By BEN COOK
- Claims storage market forecasts based on ‘false premise’ of falling lithium prices
- With lithium prices currently rising, some battery manufacturers ‘could go out of business’
- Analysts fear ESG-related ‘investor backlash’ against lithium-ion batteries
Barely a week goes by without the publication of new research predicting the inexorable rise of the energy storage sector.
If we take a couple of the most recent high-profile examples, Wood Mackenzie said in April this year that it expected that Europe’s grid-scale energy storage capacity will expand 20-fold by 2031. Meanwhile, recent figures from S&P Global Market Intelligence showed that US developers plan to install 25GW of utility non-hydroelectric energy storage capacity between now and 2023, almost five times the 5.4GW in commercial operation in the US at the end of 2021.
The numbers may vary slightly depending on which organisation is issuing the projections, but the overwhelming consensus is that the storage sector is set to boom in the coming years.
Is market bullishness misplaced?
However, there are some dissenting voices who argue that this widespread bullishness is misplaced.
The thrust of the dissenters’ argument is this – the cost of lithium (which is used in approximately 90% of the world’s grid-scale battery storage) has plummeted in recent years and projections showing the rapid expansion of the storage market are based on what some consider to be the false premise that the cost of lithium will continue to decrease.
It’s true that the cost of lithium-ion batteries has fallen dramatically – research by the Massachusetts Institute of Technology found that the cost of lithium-ion batteries has dropped by 97 percent since they were first commercially introduced in 1991.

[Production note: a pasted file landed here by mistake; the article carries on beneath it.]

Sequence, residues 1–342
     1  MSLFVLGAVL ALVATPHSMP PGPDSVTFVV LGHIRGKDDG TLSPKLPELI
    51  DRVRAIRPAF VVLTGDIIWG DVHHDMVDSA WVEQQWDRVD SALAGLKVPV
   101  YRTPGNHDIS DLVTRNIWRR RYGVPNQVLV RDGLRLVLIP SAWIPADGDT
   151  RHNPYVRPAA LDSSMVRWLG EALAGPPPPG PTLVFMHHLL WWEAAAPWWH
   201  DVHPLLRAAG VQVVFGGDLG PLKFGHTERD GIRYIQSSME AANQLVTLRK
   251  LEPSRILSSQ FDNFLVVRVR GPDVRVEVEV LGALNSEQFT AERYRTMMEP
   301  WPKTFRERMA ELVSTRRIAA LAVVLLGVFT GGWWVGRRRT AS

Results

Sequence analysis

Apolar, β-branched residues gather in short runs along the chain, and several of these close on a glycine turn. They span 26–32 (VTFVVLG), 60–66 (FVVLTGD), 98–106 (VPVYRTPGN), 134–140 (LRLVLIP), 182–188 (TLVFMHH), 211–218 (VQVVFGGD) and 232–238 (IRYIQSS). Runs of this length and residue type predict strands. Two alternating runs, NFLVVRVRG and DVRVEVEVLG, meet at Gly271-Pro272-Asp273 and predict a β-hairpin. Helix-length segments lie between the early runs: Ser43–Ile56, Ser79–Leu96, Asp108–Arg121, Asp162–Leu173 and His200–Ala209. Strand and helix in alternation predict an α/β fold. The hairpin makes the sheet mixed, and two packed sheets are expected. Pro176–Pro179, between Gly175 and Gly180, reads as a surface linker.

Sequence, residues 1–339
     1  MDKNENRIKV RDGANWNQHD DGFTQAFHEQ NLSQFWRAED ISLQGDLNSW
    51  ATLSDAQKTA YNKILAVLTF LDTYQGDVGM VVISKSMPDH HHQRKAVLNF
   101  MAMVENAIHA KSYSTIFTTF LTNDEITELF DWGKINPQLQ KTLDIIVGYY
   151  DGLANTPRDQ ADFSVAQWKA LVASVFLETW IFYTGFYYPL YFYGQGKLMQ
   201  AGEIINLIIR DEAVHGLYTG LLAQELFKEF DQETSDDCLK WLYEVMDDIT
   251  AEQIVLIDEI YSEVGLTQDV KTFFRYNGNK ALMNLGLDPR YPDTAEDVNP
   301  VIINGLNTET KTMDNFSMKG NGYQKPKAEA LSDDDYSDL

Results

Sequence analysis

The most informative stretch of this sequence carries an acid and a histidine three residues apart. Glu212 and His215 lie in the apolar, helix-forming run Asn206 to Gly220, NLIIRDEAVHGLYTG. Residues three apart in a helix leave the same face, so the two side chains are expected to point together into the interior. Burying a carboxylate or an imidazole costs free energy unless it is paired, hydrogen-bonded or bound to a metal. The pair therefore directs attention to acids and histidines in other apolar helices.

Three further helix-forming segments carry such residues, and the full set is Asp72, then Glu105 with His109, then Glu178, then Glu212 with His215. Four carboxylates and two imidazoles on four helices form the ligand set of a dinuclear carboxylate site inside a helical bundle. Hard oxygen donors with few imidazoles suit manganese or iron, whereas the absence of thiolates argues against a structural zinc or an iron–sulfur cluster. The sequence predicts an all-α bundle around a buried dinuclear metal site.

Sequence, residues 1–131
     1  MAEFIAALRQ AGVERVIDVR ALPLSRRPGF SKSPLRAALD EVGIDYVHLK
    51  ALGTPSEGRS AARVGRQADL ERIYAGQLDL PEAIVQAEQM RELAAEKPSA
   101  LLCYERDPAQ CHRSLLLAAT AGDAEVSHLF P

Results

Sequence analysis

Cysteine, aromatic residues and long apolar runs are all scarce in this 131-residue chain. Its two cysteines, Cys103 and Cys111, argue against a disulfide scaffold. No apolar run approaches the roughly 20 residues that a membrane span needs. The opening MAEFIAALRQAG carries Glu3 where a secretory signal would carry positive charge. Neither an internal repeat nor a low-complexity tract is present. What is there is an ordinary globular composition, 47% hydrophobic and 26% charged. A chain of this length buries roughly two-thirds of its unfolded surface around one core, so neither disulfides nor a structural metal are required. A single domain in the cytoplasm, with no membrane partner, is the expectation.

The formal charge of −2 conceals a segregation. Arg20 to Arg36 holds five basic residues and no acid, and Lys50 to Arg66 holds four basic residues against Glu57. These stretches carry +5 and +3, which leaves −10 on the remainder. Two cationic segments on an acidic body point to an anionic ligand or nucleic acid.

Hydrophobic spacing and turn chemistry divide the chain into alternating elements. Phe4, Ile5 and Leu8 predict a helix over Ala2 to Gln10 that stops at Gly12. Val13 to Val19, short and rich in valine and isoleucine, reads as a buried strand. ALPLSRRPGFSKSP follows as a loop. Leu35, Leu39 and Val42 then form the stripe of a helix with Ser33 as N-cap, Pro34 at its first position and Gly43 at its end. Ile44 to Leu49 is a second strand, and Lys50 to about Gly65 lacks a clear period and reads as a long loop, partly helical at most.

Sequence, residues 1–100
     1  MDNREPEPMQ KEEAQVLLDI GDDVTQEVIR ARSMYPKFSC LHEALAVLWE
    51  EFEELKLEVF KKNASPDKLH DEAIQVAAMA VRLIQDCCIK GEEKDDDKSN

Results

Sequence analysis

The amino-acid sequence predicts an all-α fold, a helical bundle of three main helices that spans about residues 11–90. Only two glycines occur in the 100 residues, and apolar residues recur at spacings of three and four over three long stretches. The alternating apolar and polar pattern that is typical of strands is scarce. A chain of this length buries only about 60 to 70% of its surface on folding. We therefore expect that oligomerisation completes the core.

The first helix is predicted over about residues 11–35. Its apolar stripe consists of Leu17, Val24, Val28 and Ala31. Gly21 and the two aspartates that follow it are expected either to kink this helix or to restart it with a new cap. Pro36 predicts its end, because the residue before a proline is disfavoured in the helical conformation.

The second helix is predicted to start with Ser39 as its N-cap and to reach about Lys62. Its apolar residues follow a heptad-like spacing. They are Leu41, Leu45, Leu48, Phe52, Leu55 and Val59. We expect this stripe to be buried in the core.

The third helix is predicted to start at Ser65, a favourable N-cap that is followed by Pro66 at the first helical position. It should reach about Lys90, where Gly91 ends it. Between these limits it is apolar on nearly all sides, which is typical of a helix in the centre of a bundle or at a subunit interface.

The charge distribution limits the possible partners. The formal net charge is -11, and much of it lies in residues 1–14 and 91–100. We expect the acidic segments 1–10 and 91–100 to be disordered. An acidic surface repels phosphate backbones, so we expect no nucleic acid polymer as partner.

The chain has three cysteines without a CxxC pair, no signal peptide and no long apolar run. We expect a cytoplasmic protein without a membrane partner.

But times are changing. Credit Suisse warned last year that the lithium supply glut has ended, and since then lithium prices have soared. Take the example of China – the third biggest lithium producer in the world behind Australia and Chile – where the price of lithium has multiplied five times over the last year reaching Rmb477,500 (£58,000) a tonne.
Will China continue to export lithium at the same levels?
Additionally, there are other factors that could result in further increases in the price of lithium. Demand for the metal in China is likely to increase significantly as the country’s electric vehicle manufacturing industry undergoes a period of significant expansion. This has given rise to speculation that China may become more selective about who it exports lithium to in future.
It’s also important to consider environmental, social and governance (ESG) issues. Lithium mining companies are facing increasing scrutiny from investors regarding their environmental credentials. Fears have been expressed that an ESG-related “investor backlash” could derail the lithium mining industry – there have been allegations of toxic chemicals from lithium mines polluting water supplies. It’s even argued in some quarters that no lithium metal at all reaches battery manufacturers as ‘ESG-compliant’ today.
‘Battery manufacturer implosion imminent’
What will be the repercussions of this for the battery storage industry? “An implosion among the battery manufacturers seems imminent and highly likely,” claims Hugh Sharman of Danish energy consultancy Incoteco.
He adds: “There is no foreseeable end in public view to the lithium supply shortage and some major battery manufacturers look certain to be forced out of business altogether.
“Unless the lithium supply industry can rapidly and economically resolve widely foreseen lithium supply shortages, there will be profound consequences for plans to electrify road transport in Europe as foreseen, agreed and planned for at COP26”.
Lithium-ion’s ‘go-to’ status in jeopardy
It could be that the future expansion of the storage sector will be driven by non-lithium batteries. Perhaps there will be a surge in the use of flow batteries, or maybe pumped heat energy storage or zinc batteries will grow in popularity. Meanwhile, the use of compressed air storage applications is becoming more common and investors are also seeing considerable potential in ‘gravity energy storage’.
However, what is certain is that there are serious doubts as to the future viability of lithium-ion storage. With lithium prices soaring, demand growing and questions being asked about the green credentials of the lithium-mining industry, lithium-ion’s status as the battery technology of choice could be in jeopardy.